Novak Djokovic can remain in Australia, court rules

By Meg Wagner, Mike Hayes, Helen Regan, Jack Guy and Ed Upright, CNN

Updated 12:12 p.m. ET, January 11, 2022
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6:34 p.m. ET, January 10, 2022

Tennis group says events leading up to Monday's court hearing were "damaging" for Djokovic

From CNN’s Hira Humayun

The Association of Tennis Professionals (ATP) called the series of events leading up to Novak Djokovic’s country hearing on Monday, “damaging on all fronts” – including to the athlete’s well-being, according to a statement from the association on Monday.

“In travelling to Melbourne, it’s clear Novak Djokovic believed he had been granted a necessary medical exemption in order to comply with entry regulations,” the statement read. “The series of events leading to Monday’s court hearing have been damaging on all fronts, including for Novak's well-being and preparation for the Australian Open," the statement adds.

ATP added that player medical exemption requests are made independently of the association but that it has been in “constant contact” with Tennis Australia to “seek clarity throughout this process.” The association welcomed the outcome of Monday’s hearing, in which a judge quashed the cancellation of Djokovic’s visa.

The association said it continues to strongly recommend vaccination for all players on the ATP tour, calling it “essential for our sport to navigate the pandemic.” It added that 97 percent of the Top 100 players are vaccinated leading into this year’s Australian Open.

“The ATP fully respects the sacrifices the people of Australia have made since the onset of COVID-19 and the stringent immigration policies that have been put in place,” the association said. It added, “Complications in recent days related to player entry into Australia have however highlighted the need for clearer understanding, communication and application of the rules.” 

5:17 p.m. ET, January 10, 2022

Catch up: Here's a timeline of events in the Novak Djokovic saga

On Monday, a judge in Melbourne ruled that tennis star Novak Djokovic should be released from detention, and the government's cancellation of his visa overruled.

If you're just joining us, here's a recap of events that have led up to now.

According to Djokovic's affidavit:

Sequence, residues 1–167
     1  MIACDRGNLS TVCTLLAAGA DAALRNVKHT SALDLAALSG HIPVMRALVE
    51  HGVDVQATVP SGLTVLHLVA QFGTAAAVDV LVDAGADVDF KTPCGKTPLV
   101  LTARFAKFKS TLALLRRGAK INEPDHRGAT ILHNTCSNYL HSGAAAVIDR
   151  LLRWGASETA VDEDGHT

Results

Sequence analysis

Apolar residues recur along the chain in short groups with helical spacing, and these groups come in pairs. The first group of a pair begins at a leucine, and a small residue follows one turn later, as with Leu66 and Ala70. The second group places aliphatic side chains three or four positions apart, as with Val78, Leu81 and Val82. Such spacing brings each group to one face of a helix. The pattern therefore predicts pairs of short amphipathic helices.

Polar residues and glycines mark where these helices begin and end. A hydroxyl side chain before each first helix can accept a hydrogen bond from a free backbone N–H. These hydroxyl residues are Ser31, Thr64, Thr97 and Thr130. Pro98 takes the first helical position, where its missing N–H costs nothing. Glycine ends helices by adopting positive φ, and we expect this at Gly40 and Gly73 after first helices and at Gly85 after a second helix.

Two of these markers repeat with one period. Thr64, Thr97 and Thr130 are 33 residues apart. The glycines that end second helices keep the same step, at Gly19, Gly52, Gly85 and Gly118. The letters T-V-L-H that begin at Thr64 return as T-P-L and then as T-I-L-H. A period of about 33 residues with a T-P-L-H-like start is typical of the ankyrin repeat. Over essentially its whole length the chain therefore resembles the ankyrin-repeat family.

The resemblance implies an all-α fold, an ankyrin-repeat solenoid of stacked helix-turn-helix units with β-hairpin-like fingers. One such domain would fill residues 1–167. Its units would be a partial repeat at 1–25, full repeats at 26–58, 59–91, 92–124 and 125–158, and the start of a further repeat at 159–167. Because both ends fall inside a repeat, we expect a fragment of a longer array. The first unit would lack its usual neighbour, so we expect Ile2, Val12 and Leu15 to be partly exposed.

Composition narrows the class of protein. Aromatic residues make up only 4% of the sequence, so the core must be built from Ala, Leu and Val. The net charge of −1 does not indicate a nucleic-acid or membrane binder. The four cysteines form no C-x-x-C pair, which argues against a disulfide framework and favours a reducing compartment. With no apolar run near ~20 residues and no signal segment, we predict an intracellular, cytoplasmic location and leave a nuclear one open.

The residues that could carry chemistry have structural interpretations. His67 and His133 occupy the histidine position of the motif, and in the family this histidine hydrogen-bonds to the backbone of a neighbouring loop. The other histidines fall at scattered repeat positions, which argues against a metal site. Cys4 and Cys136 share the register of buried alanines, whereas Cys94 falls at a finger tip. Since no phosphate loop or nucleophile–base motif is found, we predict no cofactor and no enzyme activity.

• October or November 2021: Djokovic files for an Australian temporary entry visa to compete in the Australian Open.
  • Nov. 18: Djokovic is granted the visa.
  • Dec. 16: Djokovic tests positive for Covid-19. That same day, he is photographed at three events, where none of the other participants are masked. The following day, he is also photographed at a youth awards event.
  • Dec. 22: He tests negative for the virus.
  • Dec. 30: He receives a medical exemption from Covid vaccination for entry from Tennis Australia, on the grounds that he had just recovered from Covid.
  • Jan. 1: Djokovic's team submits his travel declaration to the Australian Ministry of Home Affairs, which notifies them that it has been assessed and he is cleared for quarantine-free arrival.
  • Jan. 2: Djokovic receives a Border Travel Permit by the state government of Victoria, where Melbourne is located and where the tournament will take place.
  • Jan. 4: Djokovic departs from Spain.
  • Jan. 5: He arrives in Melbourne late at night, close to midnight. His passport is taken, and he is escorted to a small room where he is interviewed by border control officers.
  • Jan. 6: His visa is canceled by the Australian government, and he is taken to a temporary detention facility at the Park Hotel in Melbourne.
  • Jan. 10: His hearing commences, with the judge deciding to quash the cancelation of his visa and order his release from detention. Australia's immigration minister still has the power to cancel the visa, however, and is "currently considering the matter," according to a statement.

5:03 p.m. ET, January 10, 2022

A judge ruled Novak Djokovic should be released from detention. So what happens next?

Despite the positive news for tennis star Novak Djokovic on Monday, whether he will be able to compete in the Australian Open later this month still remains unclear.

If Djokovic is allowed to stay, when will he play? Following his release from detention, the Serbian tennis star has returned to training, according to his brother. Djokovic has made clear in a series of tweets that he still intends to play in the tournament.

We don't know yet when Djokovic's first match would be, but the main draw is on is Thursday Jan. 13.

Will the Australian Open intervene and cancel his visa? Given that the Australian Open invited Djokovic to play in the tournament, this seems unlikely.

Djokovic has won the Australian Open a record nine times in his career. The 34-year-old Serbian has also won 20 grand slam singles titles -- an achievement matched by Rafael Nadal and Roger Federer. If he were to win the tournament, he would break the all-time men’s singles grand slam record.